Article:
Thursday, April 12, 2012

How we made Agent Orange

Jef-Aram Van Gorp and I joined forces as the Belgian Boomsticks and we produced our first YouTube short. In this post I explain the how we made it all happen.

The Idea

Jef-Aram and I are fans of shorts like the ones made by Freddie Wong and Brandon Laatsch. They are low budget, have decent enough effects and have often great stories. 
Since making shorts is fun we decided to give it a go ourselves. Guns and action are always well received with the YouTube public but we wanted an original angle on this so Jef-Aram came up with the idea of using bananas as guns just like kids usually do. To extend this a bit we added the double barrel leek to the arsenal.

With the general theme being fruit and vegetables, sugar and salt was quickly added as the so called drugs as these are bad when eating them in big quantities.

We consider this a hobby project so we had only limited amount of time and resources to complete this next to our full time jobs.

Equipment on set

We both have some filming equipment so we threw everything together for this shoot.

  • Panasonic HVX 200
  • Nikon D7000
  • Canon 600D/T3i
  • GoPro Hero2
  • Rode VideoMic Pro
  • Rode NTG2
  • Rode NTA2 (studio Mic for additional sounds)
and also some tripods and the Edelkrone Pocket Rig (Link to Edelkrone Pocket Rig review).

The HVX 200 is an older camera so it was the limiting factor resolution wise. 720P is more than enough for YouTube so we decided to stick to that. 
The biggest problem when shooting with different camera's is color balance. Every camera has it own characteristics so we had to solve this one in post production. We did make the mistake to shoot a bit overexposed. The H264 codec in the DSLR's is a lossy 8bit format and does limit the things you can do when color channels get clipped to their maximum value.

We left out any footage from the GoPro camera. Although we had some cool shots, the angle was so wide that even the shadow of the camera man filming with one of the other camera's was in view. Since we don't have a clip on LCD screen for the GoPro it was hard to estimate what we were shooting exactly. Something we need to prepare better next time around.

A screenshot from the GoPro. Although it looks cool it is useless because the shadow of the camera is visible in the lower left corner.

The microphones did give a good results. These are condenser microphones with a cardioid pattern which helps just getting the voice of the actor and not so much the environment. Luckily for us there was not too much wind that morning. It was -15 degrees Celsius though which made it hard to manipulate the small knobs on the cameras without our fingers freezing off.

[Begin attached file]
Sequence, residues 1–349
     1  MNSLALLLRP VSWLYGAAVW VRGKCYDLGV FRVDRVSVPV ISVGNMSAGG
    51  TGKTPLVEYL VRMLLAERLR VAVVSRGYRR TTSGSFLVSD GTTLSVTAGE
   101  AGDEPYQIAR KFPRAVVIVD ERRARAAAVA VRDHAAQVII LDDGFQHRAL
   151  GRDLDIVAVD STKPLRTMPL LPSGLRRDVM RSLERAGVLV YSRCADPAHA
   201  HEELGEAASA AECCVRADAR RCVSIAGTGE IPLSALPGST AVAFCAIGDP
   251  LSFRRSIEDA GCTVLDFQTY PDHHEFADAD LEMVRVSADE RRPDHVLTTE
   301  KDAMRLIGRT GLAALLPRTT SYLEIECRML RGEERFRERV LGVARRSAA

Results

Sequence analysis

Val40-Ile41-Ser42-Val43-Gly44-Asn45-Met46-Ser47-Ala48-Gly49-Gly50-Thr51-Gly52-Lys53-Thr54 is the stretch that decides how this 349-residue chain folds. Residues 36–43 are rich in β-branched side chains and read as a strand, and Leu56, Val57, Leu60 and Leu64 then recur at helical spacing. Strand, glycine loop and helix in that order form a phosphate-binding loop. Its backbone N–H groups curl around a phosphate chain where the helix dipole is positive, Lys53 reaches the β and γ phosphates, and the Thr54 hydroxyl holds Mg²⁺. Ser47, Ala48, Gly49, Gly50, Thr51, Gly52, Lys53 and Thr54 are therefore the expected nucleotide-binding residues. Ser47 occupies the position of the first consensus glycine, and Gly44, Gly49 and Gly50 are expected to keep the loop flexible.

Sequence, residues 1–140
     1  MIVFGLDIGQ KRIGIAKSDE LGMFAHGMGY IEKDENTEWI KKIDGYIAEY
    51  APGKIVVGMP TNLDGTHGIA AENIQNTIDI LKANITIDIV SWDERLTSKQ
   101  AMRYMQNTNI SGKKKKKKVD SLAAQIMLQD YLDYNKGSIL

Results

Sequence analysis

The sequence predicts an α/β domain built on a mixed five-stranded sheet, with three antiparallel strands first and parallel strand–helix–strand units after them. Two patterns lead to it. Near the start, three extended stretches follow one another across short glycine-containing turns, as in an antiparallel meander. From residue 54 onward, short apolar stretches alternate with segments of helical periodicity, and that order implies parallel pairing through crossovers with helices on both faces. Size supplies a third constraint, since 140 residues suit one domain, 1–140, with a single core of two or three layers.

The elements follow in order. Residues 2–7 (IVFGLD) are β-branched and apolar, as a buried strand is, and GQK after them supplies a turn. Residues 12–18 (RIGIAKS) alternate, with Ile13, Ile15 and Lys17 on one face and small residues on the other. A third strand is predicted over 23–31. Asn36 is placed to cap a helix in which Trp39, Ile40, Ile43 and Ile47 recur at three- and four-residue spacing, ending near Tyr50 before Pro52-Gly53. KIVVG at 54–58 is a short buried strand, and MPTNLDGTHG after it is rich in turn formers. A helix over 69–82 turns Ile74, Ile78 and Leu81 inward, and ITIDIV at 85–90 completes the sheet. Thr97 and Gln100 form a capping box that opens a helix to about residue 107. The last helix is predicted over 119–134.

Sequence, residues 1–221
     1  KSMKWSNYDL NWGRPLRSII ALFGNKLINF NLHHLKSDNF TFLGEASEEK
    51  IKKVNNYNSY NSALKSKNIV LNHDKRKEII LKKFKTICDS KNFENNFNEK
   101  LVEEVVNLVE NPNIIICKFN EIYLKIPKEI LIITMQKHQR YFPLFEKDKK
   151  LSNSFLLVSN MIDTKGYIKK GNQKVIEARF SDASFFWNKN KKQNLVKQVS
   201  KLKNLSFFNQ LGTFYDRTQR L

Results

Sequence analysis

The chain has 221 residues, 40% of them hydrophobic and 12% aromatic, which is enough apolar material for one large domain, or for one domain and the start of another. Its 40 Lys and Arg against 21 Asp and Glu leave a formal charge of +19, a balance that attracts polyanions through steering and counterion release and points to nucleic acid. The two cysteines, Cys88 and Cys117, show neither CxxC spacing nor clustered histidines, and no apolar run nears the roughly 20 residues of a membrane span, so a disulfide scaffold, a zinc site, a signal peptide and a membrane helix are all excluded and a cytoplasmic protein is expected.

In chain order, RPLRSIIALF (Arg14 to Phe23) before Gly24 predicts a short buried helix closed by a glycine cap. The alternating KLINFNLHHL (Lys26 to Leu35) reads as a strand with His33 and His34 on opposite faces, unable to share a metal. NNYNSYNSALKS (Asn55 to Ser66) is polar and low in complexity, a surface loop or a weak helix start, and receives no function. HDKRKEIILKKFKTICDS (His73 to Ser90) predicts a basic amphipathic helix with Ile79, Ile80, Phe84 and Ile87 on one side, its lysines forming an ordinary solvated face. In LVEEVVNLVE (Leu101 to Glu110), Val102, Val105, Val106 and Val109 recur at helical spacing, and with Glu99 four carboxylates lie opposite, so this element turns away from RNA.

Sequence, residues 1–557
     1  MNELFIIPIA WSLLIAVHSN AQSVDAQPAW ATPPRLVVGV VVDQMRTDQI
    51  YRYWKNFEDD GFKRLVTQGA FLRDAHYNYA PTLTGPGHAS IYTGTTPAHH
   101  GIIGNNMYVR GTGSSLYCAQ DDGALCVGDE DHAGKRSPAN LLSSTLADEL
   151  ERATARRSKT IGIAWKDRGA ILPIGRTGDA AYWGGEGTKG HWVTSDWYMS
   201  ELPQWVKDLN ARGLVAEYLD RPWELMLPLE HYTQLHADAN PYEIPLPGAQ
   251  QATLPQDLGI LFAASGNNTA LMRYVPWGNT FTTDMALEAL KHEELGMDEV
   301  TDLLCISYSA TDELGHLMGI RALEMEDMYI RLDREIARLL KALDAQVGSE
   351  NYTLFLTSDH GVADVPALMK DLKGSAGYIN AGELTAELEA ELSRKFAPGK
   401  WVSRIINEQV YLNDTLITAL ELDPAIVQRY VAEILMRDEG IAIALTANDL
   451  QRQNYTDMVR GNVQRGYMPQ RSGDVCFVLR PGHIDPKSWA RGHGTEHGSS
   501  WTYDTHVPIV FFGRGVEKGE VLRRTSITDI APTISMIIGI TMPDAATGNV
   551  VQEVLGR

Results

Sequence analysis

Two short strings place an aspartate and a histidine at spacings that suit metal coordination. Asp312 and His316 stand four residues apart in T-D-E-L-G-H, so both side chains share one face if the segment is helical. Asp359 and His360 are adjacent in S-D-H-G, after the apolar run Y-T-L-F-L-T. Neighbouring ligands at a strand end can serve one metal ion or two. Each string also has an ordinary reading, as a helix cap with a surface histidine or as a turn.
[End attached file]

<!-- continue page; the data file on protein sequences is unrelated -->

Music and Sound FX

All music is royalty free. We bought these some time ago at a big discount. This is a good way to get cheap music which does not infringe on the youtube copyright rules.
The sound FX were free samples on the net. These were also royalty free. When you grab files from the web, make sure to check their license before using them.

Post Production

Post production consisted of cleaning up bits and pieces we didn't want to have in view after all, adding muzzle flashes, some smoke, a bullet hole in my head, a bit of blood and the orange disks which we use for the glasses of Agent Orange. The effects are quite rough but they'll do the trick when everything is moving fast.

Using compositing to clean up the plates is really powerful and it is not too hard to do. When something is just visible for a couple of frames it easy enough to copy the background from a couple of frames before. If the camera is handheld it is a bit trickier but nothing a tracker cannot solve.

The banana in the lower left corner came a bit too early into view when Agent Orange points it to my head.  It was easily repaired by taking a part of the wall two frames earlier.

The Muzzle flashes and dust clouds come from the Action Essentials 2 pack from Video Copilot. The pack is not to expensive but I am sure you can find free muzzle flashes on the web. Check if they got an alpha channel as it makes compositing them over your footage much easier. If they are against a black background it is easy enough to pull your own matte.

The blood spatter is just a paint splatter image we pulled from the web. We created a matte, gave it the right color and made it blurry. Since it sticks to the lens, there is no need to track it in.

Frame without the blood spatter.

Frame with the blood spatter and the hole in my head.

The more tricky effects are the ones you need to track over more than 10 frames. Both the oranges and the bullet hole in my head do move around. We started with a full 3D track but everything moves so much that it would become a nightmare to clean up the jumpy tracking points to get a solid track.
So we switched to the classic four point track instead. We let the computer do the track but every so often the computer got totally lost and you have to correct it manually. The perspective change was done by hand as it was just quicker to do this for a couple of frames then for the computer to try and figure it out.

Oranges fixed with gaffer tape to the glasses. Didn't look very cool so we had to replace them in post.

Oranges replaced by a clean image.

What's next?

Jef-Aram and I are already working on the second short. Make sure to stay tuned. You can do this by following us on twitter or by subscribing to our YouTube channel.

Belgian Boomsticks YouTube Channel
Jef-Aram's Blog

Frederic's Twitter Page
Jef-Aram's Twitter Page

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